Letters to the Editor, March 24-27, 2012
March 24, 2012
Last week marked the end of the 2012 Get Out & Play winter program.
If you were one of the 100+ parent volunteers, you are looking forward to your Friday afternoons without anywhere from 10 to 110 kids to keep track of, from school to venue, on the mountain or trails, and back to school.
If you were a coach, you are wiping your brow, and getting back to coaching your regular club athletes.
If you are with PCMR or Canyons, you are just thankful that you don’t have to facilitate the extra flow of 200+ students coming in on Friday afternoons, not to mention those buses!
But most importantly, I think that if you were a student who participated in the Get Out & Play program, you are walking away with great memories, increased skill in your winter sport, and an added level of confidence, not only athletically, but also personally.
Recommended Stories For You
I would like to thank each and every one of you who worked so hard to make this year a huge success!
Park City Mountain Resort & Canyons for welcoming over 500 students to their mountain for five weeks in Session 1.
White Pine Nordic Center for facilitating equipment and track passes at a greatly reduced cost for both sessions this year to over 100 students
Utah Olympic Park for facilitating over 120 students to come up and jump, fly, spin and twist!
The local clubs, Park City Nordic, Wasatch Nordic Ski Academy, Fly Freestyle, Axis Freeride and Team Utah for offering their coaching expertise to these kids.
All 200+ parent volunteers who helped gear up, chaperone, divvy out snacks, wipe tears, wipe noses
All Resort for so patiently coordinating over 30 buses from five schools to four venues, at all different times of the afternoon, and during Sundance!
All of you who generously donated towards our scholarship funding. Thanks to you, we were able to award 120 scholarships to students who otherwise would not have been able to participate.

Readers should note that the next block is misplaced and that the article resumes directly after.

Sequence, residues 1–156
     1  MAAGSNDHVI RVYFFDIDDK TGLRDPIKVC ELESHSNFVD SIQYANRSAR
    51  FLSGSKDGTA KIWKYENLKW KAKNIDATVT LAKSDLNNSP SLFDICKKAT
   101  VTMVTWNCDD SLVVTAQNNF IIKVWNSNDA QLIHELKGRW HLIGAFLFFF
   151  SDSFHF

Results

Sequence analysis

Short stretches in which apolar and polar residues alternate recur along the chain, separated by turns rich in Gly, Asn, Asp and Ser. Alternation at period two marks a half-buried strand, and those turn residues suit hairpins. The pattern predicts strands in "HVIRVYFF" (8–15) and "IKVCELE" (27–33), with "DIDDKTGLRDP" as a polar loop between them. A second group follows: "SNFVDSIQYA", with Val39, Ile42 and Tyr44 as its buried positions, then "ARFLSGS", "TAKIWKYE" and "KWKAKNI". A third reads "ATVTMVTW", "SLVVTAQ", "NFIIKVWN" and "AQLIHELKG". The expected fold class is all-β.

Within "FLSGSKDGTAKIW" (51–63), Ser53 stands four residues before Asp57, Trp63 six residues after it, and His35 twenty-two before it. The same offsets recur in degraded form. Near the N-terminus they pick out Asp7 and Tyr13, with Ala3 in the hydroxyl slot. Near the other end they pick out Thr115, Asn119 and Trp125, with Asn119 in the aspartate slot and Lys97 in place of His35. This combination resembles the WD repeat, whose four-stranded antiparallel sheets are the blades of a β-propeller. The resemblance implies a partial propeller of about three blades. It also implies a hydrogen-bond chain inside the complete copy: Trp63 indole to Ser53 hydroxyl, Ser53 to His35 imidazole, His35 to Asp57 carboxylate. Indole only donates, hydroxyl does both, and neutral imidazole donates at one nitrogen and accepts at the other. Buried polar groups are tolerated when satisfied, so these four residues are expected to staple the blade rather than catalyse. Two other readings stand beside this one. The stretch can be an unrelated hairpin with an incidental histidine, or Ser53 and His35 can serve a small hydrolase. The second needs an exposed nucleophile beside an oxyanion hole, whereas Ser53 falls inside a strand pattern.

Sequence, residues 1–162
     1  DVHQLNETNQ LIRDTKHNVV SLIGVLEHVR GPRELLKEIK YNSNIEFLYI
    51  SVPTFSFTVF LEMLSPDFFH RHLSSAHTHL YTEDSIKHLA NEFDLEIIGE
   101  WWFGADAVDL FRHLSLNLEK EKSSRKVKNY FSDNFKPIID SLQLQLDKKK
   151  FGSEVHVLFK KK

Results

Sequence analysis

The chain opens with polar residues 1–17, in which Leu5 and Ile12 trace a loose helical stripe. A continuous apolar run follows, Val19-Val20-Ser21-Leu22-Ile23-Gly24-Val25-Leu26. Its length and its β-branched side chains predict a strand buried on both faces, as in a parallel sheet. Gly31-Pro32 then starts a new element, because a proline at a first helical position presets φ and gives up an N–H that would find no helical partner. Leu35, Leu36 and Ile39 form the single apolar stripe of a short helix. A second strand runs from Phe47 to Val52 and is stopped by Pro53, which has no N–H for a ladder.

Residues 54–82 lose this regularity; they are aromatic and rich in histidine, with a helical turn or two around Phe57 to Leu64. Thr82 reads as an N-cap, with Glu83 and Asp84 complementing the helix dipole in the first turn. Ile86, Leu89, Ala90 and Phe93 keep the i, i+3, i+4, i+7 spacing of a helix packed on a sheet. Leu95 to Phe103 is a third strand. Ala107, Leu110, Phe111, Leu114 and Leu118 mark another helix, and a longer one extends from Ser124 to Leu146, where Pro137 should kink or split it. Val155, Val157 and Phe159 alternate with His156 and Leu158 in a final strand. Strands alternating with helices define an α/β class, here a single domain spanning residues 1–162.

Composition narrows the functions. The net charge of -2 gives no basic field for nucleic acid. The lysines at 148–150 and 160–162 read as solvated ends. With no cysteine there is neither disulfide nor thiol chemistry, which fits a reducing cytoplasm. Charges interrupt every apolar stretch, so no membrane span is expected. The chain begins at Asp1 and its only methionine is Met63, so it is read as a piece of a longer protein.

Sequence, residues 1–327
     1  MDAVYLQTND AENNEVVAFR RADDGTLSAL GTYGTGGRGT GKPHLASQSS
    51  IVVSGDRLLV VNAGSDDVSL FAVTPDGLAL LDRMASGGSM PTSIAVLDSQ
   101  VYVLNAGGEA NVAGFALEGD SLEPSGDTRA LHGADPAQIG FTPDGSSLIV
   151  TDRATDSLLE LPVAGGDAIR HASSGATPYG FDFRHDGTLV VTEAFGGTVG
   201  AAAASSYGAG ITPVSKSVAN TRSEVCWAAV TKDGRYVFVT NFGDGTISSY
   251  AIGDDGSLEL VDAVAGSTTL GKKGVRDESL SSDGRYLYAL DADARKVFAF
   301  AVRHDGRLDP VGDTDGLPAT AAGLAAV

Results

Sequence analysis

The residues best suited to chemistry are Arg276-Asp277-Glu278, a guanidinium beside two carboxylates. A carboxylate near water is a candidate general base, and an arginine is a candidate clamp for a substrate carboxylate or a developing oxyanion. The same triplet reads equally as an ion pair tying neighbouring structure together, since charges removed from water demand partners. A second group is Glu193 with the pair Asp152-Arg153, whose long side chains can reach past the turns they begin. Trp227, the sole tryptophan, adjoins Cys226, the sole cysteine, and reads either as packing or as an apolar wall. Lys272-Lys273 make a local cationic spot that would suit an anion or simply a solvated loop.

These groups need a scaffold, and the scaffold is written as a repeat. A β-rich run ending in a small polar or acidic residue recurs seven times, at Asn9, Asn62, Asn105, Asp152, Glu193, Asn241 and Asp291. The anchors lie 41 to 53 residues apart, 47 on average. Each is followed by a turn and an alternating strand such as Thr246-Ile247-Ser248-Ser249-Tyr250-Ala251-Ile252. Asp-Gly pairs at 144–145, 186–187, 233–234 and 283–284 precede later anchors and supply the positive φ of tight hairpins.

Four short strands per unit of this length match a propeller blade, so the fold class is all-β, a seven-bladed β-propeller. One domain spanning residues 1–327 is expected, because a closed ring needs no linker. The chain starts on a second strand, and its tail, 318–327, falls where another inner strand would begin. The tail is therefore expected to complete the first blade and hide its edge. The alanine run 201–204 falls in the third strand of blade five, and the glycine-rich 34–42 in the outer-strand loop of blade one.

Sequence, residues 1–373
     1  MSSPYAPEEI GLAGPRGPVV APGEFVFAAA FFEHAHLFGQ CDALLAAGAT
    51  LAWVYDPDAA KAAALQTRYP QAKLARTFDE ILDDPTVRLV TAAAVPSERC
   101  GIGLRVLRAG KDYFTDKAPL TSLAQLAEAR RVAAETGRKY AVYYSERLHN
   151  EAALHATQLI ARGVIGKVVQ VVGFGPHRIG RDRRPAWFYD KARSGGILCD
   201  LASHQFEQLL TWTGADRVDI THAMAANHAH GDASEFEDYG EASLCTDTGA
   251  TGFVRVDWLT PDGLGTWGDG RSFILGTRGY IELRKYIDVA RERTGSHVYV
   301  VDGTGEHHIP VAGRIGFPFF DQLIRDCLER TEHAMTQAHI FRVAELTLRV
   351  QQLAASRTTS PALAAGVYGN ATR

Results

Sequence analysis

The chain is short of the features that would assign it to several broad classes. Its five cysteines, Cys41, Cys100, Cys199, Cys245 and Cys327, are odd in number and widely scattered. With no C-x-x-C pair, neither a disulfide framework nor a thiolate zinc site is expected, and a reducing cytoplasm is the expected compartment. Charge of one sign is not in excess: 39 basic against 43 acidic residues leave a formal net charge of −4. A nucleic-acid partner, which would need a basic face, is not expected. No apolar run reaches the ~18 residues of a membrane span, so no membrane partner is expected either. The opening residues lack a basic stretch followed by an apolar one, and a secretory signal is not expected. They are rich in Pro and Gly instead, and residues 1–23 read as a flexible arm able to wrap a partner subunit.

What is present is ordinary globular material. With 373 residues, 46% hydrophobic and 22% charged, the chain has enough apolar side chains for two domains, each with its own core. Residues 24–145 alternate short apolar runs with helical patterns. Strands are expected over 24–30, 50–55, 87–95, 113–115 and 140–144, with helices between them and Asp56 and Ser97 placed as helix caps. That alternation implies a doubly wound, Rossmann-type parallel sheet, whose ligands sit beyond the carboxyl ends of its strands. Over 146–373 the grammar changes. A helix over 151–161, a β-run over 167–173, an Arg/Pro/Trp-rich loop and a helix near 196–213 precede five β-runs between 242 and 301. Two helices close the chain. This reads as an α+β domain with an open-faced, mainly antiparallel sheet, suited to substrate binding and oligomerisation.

District program coordinator, Get Out & Play
Youth Winter Sports Alliance
Let’s keep the ski lifts in the ski resorts
I think Talisker’s Link lift will only benefit Talisker and access to their developments.
As I read another article addressing how "SkiLink" will now give Utah some super marketing advantage over any other resort in the land, I have to laugh. Right now you can ski from Alta to Snowbird. And from Brighton to Solitude. Deer Valley and Park City are no more than 100 feet apart at the top of the Empire & Lady Morgan lift. But they are not connected. Why? If it was such a great idea, wouldn’t they connect?
So we should be asking why is Talisker interested in spending the millions of dollars to buy the land and put in the lift? I can’t see this lift making a difference to anyone, unless you are looking to sell property in the Canyons or Solitude. The rest of their story about how it will reduce traffic is a scam.
The true beauty of our ski areas are that you can feel miles from anywhere, while still being so close to everything. Let’s keep the lifts in the resorts. In a few years, the real value will be the undeveloped areas without houses, lifts or hotels.
Stacked timber just doesn’t stack up
The Guggenheim Museum in Bilbao, by Frank Gehry, is faced in titanium and renowned as "the most significant building of the century" (http://www.vanityfair.com, Aug. 2010, page 156).
The Einstein Tower in Potsdam, by Erich Mendelsohn, is one of the world’s most outstanding monuments. Finished in white concrete, it is described by Mendelsohn as "expressionism tour de force."
At the Paris Louvre Museum, the I.M. Pei pyramid in glass has captured international attention.
The gold facing on a structure at the end of the main street in Innsbruck, Austria, commands every visitor’s goggle.
In Sydney, Australia, a world competition for the opera house was won because of its architecture. It has now become one of the most visited art centers in the world.
If Bilbao, Potsdam, Paris, Austria and Australia can claim exotic materials or architecture on their memorials, then why does Park City just get a pile of old wood as its crown jewel at Kimball Art Center. Some may say stacked timber doesn’t stack up.